Charlestowne Woodturners

A club for those turning, or wanting to learn woodturning in the Charleston SC area.
The Charlestowne Woodturners are meeting at JMO Woodworks, 70 Romney St., Charleston, SC 29403. On the 3rd Wednesday night of each month from 6:30pm-9:00pm.
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 Inside Gouging - Bell

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Number of posts : 7
Age : 67
Registration date : 2009-04-21

PostSubject: Inside Gouging - Bell   Sat Apr 25, 2009 6:27 pm

I turned my little bell yesterday and finished turning the outside. It was beautiful.
When I tried to turn the inside, I got all "catched up" with my only bowl gouge.
What have I done wrong, again?
Richard, the Beginner
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Dave W


Number of posts : 290
Age : 52
Registration date : 2008-11-20

PostSubject: Re: Inside Gouging - Bell   Sat Apr 25, 2009 8:55 pm

First we need to know, does your gouge profile look like this

Or like this

It could be a couple of things, if you have a profile on it like the first picture, you will be fighting with the tips of the wings getting in the wrong place at the wrong time. If it is like the bottom picture it could be either the angles ground on it, or just your tool presentation. I would really like to get together some time to go over some of the basics and also the sharpening of the tools.

A couple videos for you to look at. They are using a spindle gouge for the hollowing in these.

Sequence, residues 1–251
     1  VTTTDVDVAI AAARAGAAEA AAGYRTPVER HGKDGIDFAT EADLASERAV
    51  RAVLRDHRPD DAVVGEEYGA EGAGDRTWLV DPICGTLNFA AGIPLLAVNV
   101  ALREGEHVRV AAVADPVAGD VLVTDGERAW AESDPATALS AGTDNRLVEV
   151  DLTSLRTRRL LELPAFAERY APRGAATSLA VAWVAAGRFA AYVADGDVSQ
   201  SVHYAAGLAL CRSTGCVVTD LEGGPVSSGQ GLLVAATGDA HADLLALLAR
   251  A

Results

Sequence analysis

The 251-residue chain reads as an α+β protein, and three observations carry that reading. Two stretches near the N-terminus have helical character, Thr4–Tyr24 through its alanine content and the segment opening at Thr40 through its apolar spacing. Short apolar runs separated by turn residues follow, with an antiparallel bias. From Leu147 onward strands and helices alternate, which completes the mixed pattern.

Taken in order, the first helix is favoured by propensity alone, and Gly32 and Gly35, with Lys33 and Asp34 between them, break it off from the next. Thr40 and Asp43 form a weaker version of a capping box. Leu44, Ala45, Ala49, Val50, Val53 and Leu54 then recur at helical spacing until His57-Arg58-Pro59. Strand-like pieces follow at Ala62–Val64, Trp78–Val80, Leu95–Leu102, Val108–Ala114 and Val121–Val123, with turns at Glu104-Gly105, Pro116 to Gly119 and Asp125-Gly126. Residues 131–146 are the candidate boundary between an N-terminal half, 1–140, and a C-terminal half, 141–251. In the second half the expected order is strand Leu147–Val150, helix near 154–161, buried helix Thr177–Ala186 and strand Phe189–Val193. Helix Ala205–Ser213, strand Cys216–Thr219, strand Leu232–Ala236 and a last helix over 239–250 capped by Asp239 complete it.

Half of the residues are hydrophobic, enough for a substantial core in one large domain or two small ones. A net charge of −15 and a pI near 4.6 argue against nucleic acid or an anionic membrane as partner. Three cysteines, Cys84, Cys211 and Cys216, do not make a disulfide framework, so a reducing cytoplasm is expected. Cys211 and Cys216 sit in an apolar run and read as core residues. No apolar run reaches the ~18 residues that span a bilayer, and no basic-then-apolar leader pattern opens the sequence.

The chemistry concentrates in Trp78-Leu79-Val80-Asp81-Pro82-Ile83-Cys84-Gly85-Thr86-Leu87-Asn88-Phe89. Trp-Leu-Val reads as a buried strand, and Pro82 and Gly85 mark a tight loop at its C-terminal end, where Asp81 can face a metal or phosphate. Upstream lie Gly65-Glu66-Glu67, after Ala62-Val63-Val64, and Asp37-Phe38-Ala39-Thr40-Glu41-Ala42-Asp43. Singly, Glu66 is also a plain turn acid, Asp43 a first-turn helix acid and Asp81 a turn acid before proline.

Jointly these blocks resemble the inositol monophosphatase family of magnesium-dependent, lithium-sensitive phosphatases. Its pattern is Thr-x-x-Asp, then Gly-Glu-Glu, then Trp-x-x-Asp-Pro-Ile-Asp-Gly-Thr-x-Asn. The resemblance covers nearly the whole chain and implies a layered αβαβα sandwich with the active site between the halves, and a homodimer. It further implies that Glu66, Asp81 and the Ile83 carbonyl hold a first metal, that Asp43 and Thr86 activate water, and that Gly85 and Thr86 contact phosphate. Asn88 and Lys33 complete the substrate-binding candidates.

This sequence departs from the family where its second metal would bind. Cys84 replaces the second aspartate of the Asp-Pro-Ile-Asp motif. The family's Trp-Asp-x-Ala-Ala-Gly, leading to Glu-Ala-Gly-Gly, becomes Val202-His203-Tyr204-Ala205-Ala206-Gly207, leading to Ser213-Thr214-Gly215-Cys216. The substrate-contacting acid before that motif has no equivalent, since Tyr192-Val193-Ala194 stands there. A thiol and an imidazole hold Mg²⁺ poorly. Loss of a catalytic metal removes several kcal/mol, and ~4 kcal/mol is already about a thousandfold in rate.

Life's short, turn fast!

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Number of posts : 126
Age : 64
Registration date : 2008-11-21

PostSubject: Re: Inside Gouging - Bell   Sun Apr 26, 2009 12:31 pm

Like the person in the video, I also use a spindle gouge for end grain hollowing in small boxes, goblets etc. It took some practice to get the technique down, but once you get it, it's a very easy and satisfying method for hollowing. I even use it for initial hollowing inside hollow forms, where most of the hollowing is done blind.

You may be able to clean up the bell with a scraper. My scraper of choice for this would be the Sorby tear drop on one of their multi-tools. Assuming that the opening is large enough to accommodate. Proper use of a round nose scraper would be another route. I would practice on some scrap wood first.

I would take Dave up on the generous offer to work with you one on one. Working with a more experienced turner can really speed up the learning process.
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